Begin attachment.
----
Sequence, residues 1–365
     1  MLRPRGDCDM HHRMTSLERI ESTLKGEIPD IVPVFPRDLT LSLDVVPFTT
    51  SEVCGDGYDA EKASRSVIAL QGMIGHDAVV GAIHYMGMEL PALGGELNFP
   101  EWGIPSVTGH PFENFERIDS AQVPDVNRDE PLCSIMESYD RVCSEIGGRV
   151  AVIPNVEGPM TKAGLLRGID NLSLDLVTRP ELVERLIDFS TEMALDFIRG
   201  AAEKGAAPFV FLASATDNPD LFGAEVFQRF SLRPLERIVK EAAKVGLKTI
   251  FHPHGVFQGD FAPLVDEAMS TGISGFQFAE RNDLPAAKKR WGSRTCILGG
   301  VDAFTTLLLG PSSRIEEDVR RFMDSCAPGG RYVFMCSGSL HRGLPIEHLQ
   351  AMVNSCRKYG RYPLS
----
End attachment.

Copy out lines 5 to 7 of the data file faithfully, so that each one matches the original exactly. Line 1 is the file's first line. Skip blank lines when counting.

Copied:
   151  AVIPNVEGPM TKAGLLRGID NLSLDLVTRP ELVERLIDFS TEMALDFIRG
   201  AAEKGAAPFV FLASATDNPD LFGAEVFQRF SLRPLERIVK EAAKVGLKTI
   251  FHPHGVFQGD FAPLVDEAMS TGISGFQFAE RNDLPAAKKR WGSRTCILGG